Fed Starts Crypto Activities Supervision Program; SEC Accounting Regime Attracts Criticism

Fed oversight for crypto

Late yesterday, the Federal Reserve announced a more detailed regime for banks offering, or considering offering, crypto products – or as the Fed terms it – the “novel activities supervision program.” Read the press release.

Among the regime’s elements subject to supervision:

    • “Complex, technology-driven partnerships with non-banks to provide banking services…”
    • “Crypto-asset related activities…”
    • Projects that use [distribute ledger technology] with the potential for significant impact on the financial system…”
    • “Concentrated provision of banking services to crypto-asset-related entities and fintechs…”

Adding to the warning to banks, “The Program will be risk-based, and the level and intensity of supervision will vary based on the level of engagement in novel activities by each supervised banking organization.” The more a bank adds digital asset products, the more it receives supervision by the Federal Reserve.

The announcement is reminiscent of the January 3 warning titled, “Joint Statement on Crypto-Asset Risks to Banking Organizations” by the Fed, Office of the Comptroller of the Currency (OCC) and the Federal Deposit Insurance Corporation (FDIC). See that one (PDF).

The Fed claims in yesterday’s announcement that it’s supporting innovation, but remains – at best – cautious stating, “The goal of the novel activities supervision program is to foster the benefits of financial innovation while recognizing and appropriately addressing risks to ensure the safety and soundness of the banking system.”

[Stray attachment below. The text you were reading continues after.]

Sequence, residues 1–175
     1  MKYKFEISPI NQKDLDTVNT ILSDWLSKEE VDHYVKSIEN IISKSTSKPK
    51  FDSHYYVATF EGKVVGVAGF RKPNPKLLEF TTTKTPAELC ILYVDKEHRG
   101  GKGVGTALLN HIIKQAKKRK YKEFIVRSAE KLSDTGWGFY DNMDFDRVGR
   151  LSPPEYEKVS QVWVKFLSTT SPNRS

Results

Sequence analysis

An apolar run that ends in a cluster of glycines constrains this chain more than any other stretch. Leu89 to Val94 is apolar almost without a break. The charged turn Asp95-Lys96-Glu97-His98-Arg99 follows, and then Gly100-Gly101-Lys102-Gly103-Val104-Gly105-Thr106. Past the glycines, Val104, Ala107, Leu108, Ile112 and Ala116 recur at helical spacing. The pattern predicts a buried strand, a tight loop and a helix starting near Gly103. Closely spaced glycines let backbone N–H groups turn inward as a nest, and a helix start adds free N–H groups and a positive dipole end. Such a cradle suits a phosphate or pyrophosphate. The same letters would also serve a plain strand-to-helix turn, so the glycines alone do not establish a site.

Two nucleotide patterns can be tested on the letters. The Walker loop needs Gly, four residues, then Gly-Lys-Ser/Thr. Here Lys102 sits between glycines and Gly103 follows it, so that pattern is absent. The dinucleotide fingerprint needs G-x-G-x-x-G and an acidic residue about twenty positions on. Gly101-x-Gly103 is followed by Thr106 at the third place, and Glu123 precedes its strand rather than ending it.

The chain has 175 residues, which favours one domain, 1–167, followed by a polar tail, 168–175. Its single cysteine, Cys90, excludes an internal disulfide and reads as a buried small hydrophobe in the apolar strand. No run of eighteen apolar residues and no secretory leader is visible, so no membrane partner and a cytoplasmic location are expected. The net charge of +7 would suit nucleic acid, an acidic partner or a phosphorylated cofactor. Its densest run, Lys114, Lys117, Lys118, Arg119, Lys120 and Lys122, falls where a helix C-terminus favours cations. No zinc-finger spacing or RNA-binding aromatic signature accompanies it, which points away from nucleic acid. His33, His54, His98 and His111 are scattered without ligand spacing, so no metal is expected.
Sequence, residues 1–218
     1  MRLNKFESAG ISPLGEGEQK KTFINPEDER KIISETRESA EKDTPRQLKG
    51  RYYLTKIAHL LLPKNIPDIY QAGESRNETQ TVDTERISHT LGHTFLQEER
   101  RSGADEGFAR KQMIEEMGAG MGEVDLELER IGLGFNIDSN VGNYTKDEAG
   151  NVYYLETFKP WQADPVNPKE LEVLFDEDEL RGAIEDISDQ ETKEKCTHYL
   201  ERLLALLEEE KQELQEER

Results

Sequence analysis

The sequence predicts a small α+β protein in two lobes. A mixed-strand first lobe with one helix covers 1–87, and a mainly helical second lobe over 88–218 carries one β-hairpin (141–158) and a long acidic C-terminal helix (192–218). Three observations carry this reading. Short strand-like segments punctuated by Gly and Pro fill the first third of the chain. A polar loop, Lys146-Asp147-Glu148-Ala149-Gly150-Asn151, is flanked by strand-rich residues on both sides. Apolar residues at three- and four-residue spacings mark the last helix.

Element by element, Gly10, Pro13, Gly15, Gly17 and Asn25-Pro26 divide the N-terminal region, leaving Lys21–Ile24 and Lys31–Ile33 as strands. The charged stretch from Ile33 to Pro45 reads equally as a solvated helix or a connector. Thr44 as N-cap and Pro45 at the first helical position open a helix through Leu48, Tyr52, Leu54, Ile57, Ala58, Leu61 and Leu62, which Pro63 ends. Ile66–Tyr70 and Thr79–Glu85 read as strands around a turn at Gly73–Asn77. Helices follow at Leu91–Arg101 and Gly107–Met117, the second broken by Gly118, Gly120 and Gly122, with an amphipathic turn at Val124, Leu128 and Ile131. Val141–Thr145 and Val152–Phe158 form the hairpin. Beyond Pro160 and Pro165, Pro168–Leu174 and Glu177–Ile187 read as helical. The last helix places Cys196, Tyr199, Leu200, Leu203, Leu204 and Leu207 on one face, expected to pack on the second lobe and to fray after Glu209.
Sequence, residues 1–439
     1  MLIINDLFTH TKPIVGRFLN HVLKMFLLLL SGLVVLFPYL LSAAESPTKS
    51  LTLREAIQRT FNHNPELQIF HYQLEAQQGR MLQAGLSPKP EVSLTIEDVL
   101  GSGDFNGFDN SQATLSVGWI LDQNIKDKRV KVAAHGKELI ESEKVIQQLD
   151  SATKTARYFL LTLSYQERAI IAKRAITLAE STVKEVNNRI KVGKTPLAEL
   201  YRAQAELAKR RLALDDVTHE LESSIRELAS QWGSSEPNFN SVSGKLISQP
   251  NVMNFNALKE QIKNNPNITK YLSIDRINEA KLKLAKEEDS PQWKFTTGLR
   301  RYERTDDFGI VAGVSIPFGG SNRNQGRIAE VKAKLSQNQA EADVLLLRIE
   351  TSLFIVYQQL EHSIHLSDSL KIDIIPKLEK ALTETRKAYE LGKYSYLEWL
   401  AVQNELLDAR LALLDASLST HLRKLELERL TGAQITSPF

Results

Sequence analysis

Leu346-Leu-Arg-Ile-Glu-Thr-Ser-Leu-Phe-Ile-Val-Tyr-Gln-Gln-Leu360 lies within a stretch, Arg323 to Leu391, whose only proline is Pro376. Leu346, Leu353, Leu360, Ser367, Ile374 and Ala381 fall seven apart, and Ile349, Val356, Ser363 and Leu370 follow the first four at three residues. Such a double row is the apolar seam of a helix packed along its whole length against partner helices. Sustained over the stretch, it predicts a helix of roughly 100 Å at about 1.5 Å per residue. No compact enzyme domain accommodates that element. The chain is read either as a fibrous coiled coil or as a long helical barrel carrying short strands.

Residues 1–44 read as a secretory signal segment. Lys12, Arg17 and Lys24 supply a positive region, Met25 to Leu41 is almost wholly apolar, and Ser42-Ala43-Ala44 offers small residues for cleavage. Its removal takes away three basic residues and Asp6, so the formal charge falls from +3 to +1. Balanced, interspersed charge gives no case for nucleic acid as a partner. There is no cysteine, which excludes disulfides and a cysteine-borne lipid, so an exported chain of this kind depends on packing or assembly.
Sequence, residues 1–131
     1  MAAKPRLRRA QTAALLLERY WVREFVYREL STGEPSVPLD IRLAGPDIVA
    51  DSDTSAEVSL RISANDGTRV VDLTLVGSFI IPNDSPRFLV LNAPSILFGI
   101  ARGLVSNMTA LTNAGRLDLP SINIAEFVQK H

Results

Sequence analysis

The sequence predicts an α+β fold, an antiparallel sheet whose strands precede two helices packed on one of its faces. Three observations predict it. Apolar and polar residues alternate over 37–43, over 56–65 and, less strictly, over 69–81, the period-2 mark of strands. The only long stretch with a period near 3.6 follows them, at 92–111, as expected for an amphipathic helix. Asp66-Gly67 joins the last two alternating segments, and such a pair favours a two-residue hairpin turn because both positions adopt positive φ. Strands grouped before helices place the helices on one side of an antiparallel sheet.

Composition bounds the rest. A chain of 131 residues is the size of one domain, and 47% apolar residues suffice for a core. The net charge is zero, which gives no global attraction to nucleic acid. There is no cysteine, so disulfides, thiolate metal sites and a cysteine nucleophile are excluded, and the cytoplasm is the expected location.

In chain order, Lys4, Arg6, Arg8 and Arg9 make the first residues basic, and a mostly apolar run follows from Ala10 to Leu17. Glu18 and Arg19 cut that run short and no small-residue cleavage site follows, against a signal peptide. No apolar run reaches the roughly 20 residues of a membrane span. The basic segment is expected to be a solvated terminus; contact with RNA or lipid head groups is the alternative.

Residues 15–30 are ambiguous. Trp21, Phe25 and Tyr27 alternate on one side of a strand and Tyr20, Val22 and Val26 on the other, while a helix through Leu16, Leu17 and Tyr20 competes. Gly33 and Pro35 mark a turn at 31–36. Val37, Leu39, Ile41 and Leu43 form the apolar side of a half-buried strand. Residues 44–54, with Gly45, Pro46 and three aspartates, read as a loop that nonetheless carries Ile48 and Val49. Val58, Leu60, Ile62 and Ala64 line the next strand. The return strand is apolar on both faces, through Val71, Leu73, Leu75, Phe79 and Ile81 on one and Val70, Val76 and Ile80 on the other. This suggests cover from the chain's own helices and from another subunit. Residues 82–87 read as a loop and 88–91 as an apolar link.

As Reuters notes, stablecoins are an important element of the directive, perhaps inspired by Monday’s PayPal stablecoin announcement. “For banks to receive a written non-objection to be able to engage with stabelcoins, banks should demonstrate appropriate risk management, including having systems in place to identify and monitor any potential risks, including cybersecurity and illicit finance threats,” reports Reuters. Read more.

more tips:

Letter SR 23-7: Creation of Novel Activities Supervision Program – FederalReserve.gov

Letter SR 23-8 / CA 23-5: Supervisory Nonobjection Process for State Member Banks Seeking to Engage in Certain Activities Involving Dollar Tokens (stablecoins) – FederalReserve.gov

SAB 121 shade

Crypto policy executive Zach Wong dissects the challenges of crypto today and, specifically, how the Securities and Exchange Commission’s (SEC) “Staff Accounting Bulletin 121” (SAB 121) is negatively impacting publicly-traded, traditional finance companies’ efforts to offer crypto custody services to its customers.

In a post on his personal blog, Wong offers up what he thinks is wrong with the SAB bulletin written by the SEC’s Chief Accountant Paul Munter – and trumpeted by SEC Chair Gensler in the past. He also provides a plan for policymakers going forward which ultimately seeks a better way for businesses and consumers to custody their crypto.

A snippet: “SAB 121 is bad for three reasons. First, because publicly reporting banks can’t provide cryptoasset custody at any meaningful scale, crypto users turn to unsafe options like Celsius and FTX, cryptographically weak wallets like Atomic Wallet, or poorly administered self-custody setups. This is an at-least-indirect result of a U.S. regulatory decision.”